Large numbers of teachers are so concerned about bullying in the school they teach in that they would not be happy to send their own child there, a joint survey by Tes and ITV's This Morning survey has found.
The poll of more than 1,000 teachers found that nearly a quarter (23 per cent) of those in secondaries and 12 per cent of primary teachers thought that bullying was such a severe issue where they worked that they would not be prepared to risk their own children's wellbeing.
And worryingly, more than a fifth of all teachers (22 per cent) said that bullying in their school was on the increase.
“I would strongly urge anybody in my family or my friends not to send them to my school," said one secondary teacher in the North East. "I wouldn’t have my children come in.”
“I think there’s a bit of a general tendency for schools to not want to accept and not recognise how much of a problem bullying is, lest it be a black mark against them. It doesn’t lead to exclusions, Heaven forbid, because it would reflect on the school. It allows the bullies to continue operating."
'It got to the point where he was physically sick'
Another teacher revealed how they had to eventually take their son out of an "outstanding" secondary because of its failure to deal with bullying.
"The bullying started in primary school – another allegedly 'outstanding' school," they said. "It was mainly name-calling but some of it was homophobic. It got to the point where he was being sick on the school bus. Actually sick.”
More than half of secondary teachers (51.6 per cent) and just over a fifth of primary teachers (22 per cent) said that bullying was a problem in their school, the online poll of 1,017 teachers found.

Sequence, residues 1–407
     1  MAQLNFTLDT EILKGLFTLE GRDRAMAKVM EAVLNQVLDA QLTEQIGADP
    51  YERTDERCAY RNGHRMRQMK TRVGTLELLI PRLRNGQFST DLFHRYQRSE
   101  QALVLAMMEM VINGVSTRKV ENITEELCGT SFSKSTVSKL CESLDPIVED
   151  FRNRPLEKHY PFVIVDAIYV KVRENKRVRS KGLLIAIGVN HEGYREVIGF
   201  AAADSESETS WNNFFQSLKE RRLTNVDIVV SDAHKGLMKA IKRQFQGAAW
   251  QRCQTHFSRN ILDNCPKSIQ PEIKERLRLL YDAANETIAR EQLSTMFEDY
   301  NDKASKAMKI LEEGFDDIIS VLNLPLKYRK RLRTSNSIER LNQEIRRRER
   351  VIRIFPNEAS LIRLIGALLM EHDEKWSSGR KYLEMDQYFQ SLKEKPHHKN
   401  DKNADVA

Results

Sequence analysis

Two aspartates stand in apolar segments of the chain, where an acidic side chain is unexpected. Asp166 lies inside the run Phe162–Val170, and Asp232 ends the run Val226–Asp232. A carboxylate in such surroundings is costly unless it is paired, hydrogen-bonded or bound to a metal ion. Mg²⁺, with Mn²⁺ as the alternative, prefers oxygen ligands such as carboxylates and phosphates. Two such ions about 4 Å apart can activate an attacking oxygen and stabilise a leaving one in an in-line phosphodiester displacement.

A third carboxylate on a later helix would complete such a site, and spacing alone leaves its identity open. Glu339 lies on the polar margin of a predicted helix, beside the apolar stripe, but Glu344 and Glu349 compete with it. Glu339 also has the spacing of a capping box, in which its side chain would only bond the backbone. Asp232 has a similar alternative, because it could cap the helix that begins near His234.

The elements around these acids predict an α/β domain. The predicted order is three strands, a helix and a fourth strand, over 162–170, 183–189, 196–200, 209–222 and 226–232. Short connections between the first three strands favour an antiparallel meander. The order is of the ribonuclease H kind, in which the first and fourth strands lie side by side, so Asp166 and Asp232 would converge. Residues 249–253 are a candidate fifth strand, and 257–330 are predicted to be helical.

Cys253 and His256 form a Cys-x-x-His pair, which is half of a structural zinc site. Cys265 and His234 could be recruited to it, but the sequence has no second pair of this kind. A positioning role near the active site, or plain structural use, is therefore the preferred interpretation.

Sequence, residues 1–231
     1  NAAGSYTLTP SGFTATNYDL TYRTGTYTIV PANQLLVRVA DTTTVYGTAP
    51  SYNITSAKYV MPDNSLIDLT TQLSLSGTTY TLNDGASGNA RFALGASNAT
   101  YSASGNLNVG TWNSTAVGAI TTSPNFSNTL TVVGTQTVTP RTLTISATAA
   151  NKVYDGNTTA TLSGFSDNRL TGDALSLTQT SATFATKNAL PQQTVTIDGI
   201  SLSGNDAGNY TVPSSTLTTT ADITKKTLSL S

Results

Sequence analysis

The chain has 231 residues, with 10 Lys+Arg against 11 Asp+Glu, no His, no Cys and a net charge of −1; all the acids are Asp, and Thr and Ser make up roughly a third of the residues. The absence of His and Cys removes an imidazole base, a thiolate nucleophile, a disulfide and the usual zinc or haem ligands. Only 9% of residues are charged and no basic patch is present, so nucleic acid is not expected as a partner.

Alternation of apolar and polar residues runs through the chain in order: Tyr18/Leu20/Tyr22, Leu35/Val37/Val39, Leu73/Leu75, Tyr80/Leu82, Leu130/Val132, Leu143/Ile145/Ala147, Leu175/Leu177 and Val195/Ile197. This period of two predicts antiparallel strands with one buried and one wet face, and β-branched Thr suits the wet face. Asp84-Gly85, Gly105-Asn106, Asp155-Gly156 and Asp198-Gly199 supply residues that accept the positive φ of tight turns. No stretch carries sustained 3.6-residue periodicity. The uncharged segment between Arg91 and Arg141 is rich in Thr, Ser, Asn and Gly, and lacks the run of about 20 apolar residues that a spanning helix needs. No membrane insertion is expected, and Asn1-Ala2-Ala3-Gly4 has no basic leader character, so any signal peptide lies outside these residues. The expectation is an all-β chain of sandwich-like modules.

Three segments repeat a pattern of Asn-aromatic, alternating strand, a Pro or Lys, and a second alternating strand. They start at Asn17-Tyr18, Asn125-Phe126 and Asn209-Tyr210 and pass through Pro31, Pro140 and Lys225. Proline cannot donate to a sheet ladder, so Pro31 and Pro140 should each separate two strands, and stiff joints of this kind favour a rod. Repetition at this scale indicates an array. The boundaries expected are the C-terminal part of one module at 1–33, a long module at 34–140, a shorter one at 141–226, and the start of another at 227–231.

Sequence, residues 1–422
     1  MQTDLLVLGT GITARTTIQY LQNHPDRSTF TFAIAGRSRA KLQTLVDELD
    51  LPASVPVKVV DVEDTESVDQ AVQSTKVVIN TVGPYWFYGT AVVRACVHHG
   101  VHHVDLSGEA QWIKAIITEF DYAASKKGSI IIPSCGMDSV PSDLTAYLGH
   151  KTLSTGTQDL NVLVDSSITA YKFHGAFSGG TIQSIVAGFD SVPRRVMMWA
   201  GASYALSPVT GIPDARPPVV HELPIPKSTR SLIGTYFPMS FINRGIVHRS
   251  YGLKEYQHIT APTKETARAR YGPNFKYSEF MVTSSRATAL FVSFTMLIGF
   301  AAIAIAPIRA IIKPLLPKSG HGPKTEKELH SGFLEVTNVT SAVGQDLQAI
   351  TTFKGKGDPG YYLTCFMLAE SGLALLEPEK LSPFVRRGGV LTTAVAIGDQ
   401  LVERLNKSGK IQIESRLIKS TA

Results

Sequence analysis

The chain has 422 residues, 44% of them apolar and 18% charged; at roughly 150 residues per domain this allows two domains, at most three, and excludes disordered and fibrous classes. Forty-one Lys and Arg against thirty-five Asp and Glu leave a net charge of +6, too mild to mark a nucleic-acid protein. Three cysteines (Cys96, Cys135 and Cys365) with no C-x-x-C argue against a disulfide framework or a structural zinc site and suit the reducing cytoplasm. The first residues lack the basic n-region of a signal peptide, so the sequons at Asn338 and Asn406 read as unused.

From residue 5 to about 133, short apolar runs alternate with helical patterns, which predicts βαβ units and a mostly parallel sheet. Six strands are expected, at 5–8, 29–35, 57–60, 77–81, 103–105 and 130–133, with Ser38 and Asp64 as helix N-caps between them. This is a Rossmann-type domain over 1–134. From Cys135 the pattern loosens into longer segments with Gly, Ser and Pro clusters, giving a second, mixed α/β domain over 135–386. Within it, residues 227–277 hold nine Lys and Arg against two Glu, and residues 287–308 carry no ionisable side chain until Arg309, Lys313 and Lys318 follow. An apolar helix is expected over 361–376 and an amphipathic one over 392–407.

And the situation in some schools was so bad that children were too frightened to turn up. Two-fifths (40 per cent) of teachers said they knew of pupils too scared to attend school because of bullying.
Cyberbullying was seen as a particular problem, with 76 per cent of teachers saying that digital technology was making bullying worse, even in primaries (64 per cent).
Steve Manderson, assistant headteacher at the Trinity Catholic School in Nottingham, said: “Bullying has moved from what you would see in The Simpsons – the knucklehead shaking down kids in the yard for their lunch money. Now it’s psychological. The physical bullying has just migrated across to online bullying.
“The problem is that kids can’t get away from it, it’s very difficult to avoid. They almost feel a compulsion to carry on the conversation, to defend themselves, to say the next bit.
“You sometimes see children who don’t want to come to school because they anticipate the bullying carrying on. The persistent nature of it makes it seem much worse.”
But 51 per cent of teachers in the survey said they had not had the training they needed to combat bullying.
Ann Mroz, editor of Tes, said: "Bullying is a problem that affects all areas of society and something that teachers have to work particularly hard to tackle in schools. The results of this Tes and This Morning survey demonstrate just how demanding that job is.
"It also shows how much the advent of digital technology has exacerbated the problem and taken it into pupils’ homes. Combating bullying cannot be left to schools alone.
"Teachers need the support of parents, the government and wider society in helping to ensure that every pupil feels happy, content and loved during their time at school."
A Department for Education spokesperson said: "Bullying of any kind is unacceptable. Schools should be safe places where children are taught to tolerate and respect others.
"To help support this, the government is investing more than £4 million in anti-bullying projects. This includes the Diana Award to extend the peer-to-peer Anti-Bullying Ambassadors Programme to a further 4,000 young people.
"We have also funded advice for schools on understanding, preventing and responding to cyberbullying, along with an online safety toolkit for use in PSHE lessons."
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